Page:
Increasing costs, labour shortages, and capacity issues are impacting collision repairs like never before.
In many ways, it could be argued that the COVID-19 pandemic served as a fast-forward button for our industry. It really made us re-evaluate our work, our business and our priorities.
We saw a lot of senior technicians and staff choose to bring forward their retirement plans over several years with the onset of COVID-19. At the same time, government lockdowns—which forced people to stay home—meant that many collision shops saw the bulk of their work disappear.
Smaller staff, lower capacity
As a result, staff had to be furloughed or in the case of more junior hires, often let go, simply to save costs and keep the lights on. Fast forward a few months and the impact of these decisions could be clearly felt. Shops struggled with capacity issues because they couldn’t find enough staff for the work that started to come in again. Compounding this issue was the growing disruption in global supply chains, resulting in a shortage of available parts for many collision centres, meaning jobs couldn’t be taken on or completed. Furthermore, in 2022, rising inflation meant our costs at the shop level kept spiralling upward, everything from parts to labour, to equipment purchases and maintenance, to shop supplies and utility costs like heating and electricity.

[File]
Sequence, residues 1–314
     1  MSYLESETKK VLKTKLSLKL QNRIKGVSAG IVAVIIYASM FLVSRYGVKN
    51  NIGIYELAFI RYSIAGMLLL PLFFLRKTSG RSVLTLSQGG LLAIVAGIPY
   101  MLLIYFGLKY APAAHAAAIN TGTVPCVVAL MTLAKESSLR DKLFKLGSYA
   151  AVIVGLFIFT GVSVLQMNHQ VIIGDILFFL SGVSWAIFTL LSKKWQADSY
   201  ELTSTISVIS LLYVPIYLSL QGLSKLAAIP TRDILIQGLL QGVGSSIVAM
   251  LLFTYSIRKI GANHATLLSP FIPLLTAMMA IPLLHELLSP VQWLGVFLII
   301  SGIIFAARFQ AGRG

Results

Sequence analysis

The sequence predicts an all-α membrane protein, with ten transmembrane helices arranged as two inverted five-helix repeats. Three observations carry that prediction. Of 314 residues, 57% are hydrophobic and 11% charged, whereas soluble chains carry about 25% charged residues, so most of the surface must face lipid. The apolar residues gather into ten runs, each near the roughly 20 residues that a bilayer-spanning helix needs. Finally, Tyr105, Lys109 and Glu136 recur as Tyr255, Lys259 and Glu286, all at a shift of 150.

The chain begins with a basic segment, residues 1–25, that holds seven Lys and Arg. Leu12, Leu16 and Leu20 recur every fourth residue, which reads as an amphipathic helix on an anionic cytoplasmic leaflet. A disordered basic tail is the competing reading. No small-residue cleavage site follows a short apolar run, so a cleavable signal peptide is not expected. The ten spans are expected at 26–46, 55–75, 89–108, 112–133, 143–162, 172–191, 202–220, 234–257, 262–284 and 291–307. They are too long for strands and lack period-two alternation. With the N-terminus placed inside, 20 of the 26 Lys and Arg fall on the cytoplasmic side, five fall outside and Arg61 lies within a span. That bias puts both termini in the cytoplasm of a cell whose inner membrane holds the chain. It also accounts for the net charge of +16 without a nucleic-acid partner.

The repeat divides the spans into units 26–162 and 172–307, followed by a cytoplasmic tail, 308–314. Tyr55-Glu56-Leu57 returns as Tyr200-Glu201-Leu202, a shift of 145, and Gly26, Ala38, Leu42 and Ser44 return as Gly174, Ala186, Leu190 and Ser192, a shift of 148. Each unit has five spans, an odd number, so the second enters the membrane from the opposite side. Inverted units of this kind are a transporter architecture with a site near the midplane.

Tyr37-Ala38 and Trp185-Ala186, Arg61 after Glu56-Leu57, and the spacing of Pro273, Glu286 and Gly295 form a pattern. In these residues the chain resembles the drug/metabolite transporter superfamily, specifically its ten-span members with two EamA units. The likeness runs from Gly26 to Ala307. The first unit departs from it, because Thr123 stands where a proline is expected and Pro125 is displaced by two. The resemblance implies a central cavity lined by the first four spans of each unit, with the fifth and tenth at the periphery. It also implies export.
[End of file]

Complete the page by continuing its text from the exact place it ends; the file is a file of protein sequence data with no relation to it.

Combined with repair volumes that were (and still are) below pre-pandemic levels, the result has been a challenging environment to operate a collision centre. Today, many progressive, proactive shops are seeing their work orders increase and are often booking out weeks and months in advance, so they’re prepared for the work that comes in.
Yet to ensure they remain profitable; collision centres are becoming increasingly selective about the insurance companies they work with. Those insurers that are paying more competitive rates and aren’t trying to download as much of the cost of the repair to the shop are the ones that are now being prioritized. Because in today’s environment, it’s not about repair volume, but repair capacity.
The reality today, is that operating a collision centre is becoming tougher. Costs continue to rise and in many cases; we’re still dealing with significant labour shortages. This means that collision centres are having to pick and choose which vehicles they repair and the insurers they partner with because these two factors will hinge on their ability to survive and thrive in the months and years ahead.
In order to bring the work to your door on a consistent basis, and to properly process cars through your shop, you need to have the staff available to make it happen, which means you need to pay them properly. Additionally, because (as I write this article) parts and material costs continue to increase, many collision centres simply cannot afford to work with insurers that don’t grasp the current economic climate and continue to penalize shops that don’t meet specific DRP severity targets.
The pandemic has changed the nature of our industry and if this business and the stakeholders within it are to remain viable in the future, there needs to be a consistent and collaborative approach to repairing vehicles. We owe it to ourselves, our employees and ultimately, our customers.